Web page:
Relationship Between Emotional Intelligence and Perceptions of Et...

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Relationship Between Emotional Intelligence and Perceptions of Ethical Behaviour

By | September 2010
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Research Report –Relationship between emotional intelligence and perceptions of ethical behaviour

Abstract

Empirically the purpose of this study is to investigate the perception of emotional intelligence, pluralist ignorance and one’s ethical standards in the workplace environment. This study is undertaken to help reduce pluralist ignorance in the workplace via educating upcoming business students and the general public. ”. (Jonathan, Halbesleben, Buckley, Sauer et al 2000: pg17) The method utilised to investigate this research is a survey, which will be undertaken by 229 UWS undergraduate students through Campbelltown and Parramatta campuses. The results will be compared and contrasted to note the pluralistic ignorance and emotional intelligence of an individual. Pluralistic ignorance and emotional intelligence plays an important role in today’s business environment. It is thought to offer better teamwork, decision making, an increase in satisfaction and performance and also a decrease in burnout. It has the implications of overall business ethics, behaviour and individual variance in perception. In the study we confirmed that this variation of emotional behaviour in the workplace is effected by gender.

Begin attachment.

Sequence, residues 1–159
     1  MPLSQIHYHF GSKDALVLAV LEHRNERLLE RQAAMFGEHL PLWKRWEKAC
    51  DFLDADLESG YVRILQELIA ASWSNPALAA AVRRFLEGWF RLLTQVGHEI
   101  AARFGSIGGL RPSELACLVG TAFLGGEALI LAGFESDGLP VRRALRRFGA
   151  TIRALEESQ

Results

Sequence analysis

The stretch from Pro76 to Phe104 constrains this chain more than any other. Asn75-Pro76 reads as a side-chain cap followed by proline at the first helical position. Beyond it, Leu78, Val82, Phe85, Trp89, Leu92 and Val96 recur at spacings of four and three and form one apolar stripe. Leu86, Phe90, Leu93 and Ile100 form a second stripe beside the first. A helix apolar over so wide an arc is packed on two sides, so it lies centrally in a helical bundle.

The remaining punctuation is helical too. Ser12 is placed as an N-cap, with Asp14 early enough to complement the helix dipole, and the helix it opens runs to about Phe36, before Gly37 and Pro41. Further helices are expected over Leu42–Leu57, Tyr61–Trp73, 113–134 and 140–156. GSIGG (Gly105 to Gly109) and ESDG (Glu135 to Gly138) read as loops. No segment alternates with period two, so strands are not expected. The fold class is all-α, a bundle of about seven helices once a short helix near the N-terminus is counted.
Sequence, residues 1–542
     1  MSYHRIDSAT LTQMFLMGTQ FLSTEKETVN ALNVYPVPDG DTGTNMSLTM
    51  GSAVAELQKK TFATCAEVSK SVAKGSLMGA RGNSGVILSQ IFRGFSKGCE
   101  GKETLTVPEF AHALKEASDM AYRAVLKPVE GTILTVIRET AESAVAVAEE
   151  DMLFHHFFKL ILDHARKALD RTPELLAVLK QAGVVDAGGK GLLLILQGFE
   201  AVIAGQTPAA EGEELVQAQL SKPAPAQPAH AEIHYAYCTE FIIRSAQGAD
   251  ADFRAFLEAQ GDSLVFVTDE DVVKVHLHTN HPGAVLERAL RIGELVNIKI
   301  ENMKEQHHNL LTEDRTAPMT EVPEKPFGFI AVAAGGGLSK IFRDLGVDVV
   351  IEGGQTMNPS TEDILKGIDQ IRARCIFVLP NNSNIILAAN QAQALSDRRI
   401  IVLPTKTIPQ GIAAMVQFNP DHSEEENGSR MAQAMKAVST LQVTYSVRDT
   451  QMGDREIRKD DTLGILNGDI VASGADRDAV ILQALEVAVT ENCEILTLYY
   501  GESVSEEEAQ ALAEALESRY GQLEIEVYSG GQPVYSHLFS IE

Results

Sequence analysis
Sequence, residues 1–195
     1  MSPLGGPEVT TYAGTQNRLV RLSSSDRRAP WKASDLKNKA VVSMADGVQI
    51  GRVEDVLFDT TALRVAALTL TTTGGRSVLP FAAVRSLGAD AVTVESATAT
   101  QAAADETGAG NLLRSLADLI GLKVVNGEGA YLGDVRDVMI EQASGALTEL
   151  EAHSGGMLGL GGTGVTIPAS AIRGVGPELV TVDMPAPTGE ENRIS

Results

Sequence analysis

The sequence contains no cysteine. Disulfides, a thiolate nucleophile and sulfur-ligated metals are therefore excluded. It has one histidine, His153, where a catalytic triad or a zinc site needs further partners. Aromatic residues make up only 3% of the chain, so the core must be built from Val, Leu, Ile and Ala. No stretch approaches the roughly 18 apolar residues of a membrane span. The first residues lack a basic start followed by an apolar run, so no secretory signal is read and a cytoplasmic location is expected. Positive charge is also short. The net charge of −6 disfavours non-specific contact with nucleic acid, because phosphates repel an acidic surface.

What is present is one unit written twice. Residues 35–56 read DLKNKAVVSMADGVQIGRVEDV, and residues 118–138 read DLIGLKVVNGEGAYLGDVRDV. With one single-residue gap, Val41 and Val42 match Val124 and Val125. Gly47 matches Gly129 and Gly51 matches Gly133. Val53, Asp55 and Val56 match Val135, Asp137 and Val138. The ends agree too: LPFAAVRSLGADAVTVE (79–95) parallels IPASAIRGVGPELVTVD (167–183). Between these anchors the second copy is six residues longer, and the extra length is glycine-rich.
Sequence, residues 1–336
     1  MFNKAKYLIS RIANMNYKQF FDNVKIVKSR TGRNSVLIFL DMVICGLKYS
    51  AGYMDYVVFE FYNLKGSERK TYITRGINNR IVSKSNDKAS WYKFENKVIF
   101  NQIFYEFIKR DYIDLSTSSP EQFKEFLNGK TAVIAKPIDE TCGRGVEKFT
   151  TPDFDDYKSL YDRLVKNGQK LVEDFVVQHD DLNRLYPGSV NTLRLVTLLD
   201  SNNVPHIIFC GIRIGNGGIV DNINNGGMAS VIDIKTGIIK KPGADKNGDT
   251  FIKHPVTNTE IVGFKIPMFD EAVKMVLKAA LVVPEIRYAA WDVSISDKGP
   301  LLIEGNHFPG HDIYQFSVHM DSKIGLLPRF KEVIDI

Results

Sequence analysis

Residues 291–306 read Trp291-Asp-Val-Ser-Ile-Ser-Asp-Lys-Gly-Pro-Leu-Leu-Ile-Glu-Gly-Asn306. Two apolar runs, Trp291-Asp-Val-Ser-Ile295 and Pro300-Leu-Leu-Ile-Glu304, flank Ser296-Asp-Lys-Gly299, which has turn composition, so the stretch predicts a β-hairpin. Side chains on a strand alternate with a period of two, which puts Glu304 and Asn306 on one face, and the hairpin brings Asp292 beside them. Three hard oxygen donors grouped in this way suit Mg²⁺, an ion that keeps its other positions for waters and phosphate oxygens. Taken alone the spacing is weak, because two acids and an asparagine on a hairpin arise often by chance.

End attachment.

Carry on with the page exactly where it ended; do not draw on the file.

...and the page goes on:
Angelo Kinicki describes emotional intelligence as “the ability to manage oneself and interact with others in mature and constructive ways” (Kinicki et al 2008: pg 53).Whereas pluralistic ignorance is the assumption that others’ beliefs differ from yours even though behaviours are identical. There are positive and negative perceptions of self- related ethical behaviour towards the judgment of others’ ethical behaviour; - these findings regarding these concepts have discrepancies-. In the particular, Halbesleben, Buckley and Sauer (2004) suggested that individuals erroneously believe that others are more unethical than they actually perceive themselves to be. (Halbesleben, Buckley and Sauer, et al , 2004: pg17). On the other hand Joseph, Berry...